Subjects and Places let you categorize content in Mandala using special labels called Knowledge Maps.

Knowledge Maps, or KMaps, can be crudely described as "labels in a hierarchal tree format." If you're familiar with the concept of ontologiescontrolled vocabularies, or semantic fields, then KMaps won't be new to you. However, each Knowledge Map also has its own data (alternate names, descriptions, and more), visible through the Subjects and Places viewers. A KMap's metadata, along with its position relative to other Knowledge Maps in the hierarchy, provides valuable context about a term.

Content created in different Mandala tools can use the same Knowledge Map: this joins content across tools. 

To summarize, Knowledge Maps are:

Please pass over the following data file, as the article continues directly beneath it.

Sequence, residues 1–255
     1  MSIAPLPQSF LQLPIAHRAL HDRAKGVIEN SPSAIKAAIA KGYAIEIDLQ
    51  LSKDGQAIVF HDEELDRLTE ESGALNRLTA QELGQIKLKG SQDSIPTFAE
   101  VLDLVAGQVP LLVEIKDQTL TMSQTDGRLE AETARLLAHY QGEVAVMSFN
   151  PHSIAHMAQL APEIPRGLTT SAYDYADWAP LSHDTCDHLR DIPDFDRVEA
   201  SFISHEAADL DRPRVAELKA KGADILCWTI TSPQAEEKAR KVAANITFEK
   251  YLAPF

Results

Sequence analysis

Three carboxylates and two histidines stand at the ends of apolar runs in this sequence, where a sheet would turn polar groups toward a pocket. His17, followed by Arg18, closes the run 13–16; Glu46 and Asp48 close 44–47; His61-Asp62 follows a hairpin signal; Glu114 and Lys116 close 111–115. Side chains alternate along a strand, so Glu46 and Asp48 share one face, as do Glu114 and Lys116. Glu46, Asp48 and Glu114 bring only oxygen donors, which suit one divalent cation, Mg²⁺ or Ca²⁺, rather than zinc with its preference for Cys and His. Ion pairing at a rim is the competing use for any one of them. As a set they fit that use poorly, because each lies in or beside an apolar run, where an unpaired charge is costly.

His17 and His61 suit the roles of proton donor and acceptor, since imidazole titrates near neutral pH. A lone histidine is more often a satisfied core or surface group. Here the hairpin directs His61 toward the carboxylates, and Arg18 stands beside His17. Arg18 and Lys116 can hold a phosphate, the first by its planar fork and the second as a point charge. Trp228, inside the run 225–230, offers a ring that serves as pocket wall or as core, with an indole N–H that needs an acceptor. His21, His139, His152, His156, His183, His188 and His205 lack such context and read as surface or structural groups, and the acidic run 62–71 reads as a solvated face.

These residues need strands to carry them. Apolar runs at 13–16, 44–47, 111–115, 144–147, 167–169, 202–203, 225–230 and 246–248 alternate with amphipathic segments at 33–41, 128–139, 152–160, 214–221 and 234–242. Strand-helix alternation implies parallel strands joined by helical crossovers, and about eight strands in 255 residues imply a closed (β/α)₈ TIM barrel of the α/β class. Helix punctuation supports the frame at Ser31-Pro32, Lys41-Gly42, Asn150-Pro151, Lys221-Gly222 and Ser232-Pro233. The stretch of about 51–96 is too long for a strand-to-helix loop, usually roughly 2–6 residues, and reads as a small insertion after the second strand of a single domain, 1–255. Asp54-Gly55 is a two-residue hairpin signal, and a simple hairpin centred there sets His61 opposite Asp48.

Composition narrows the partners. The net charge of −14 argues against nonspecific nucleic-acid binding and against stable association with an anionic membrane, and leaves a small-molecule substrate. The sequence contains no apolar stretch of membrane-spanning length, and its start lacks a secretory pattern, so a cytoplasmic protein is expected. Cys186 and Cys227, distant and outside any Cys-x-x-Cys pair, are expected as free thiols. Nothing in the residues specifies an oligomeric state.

•  subject and place labels…
  •  …organized in a hierarchal tree format… 
  •  ...with their own independent structured data (names, descriptions, illustrations, maps, and more)…
  •  ...that index content across Mandala, and
  •  …that connect: 
    •   content from one Mandala tool with content from another tool; and 
    •   a Mandala asset with information about a term; and
    •   a term with related Knowledge Map terms. 

Knowledge Map collaborators can either be general users or editors. These different types of collaborators work on different websites, though the information is shared between sites. Anyone with a UVa NetBadge account can be a general user, but the Knowledge Maps team needs to give you special privileges if you want to be an editor. 

 

Video Overview

If you want to learn about Knowledge Maps in-depth, we've put together a mini three-part course. You can watch it below or in this Mandala Audio-Video collection.  

 

This video is still in progress. Watch this space! Meanwhile, check out the Knowledge Maps editor guide.

 

 

 

 

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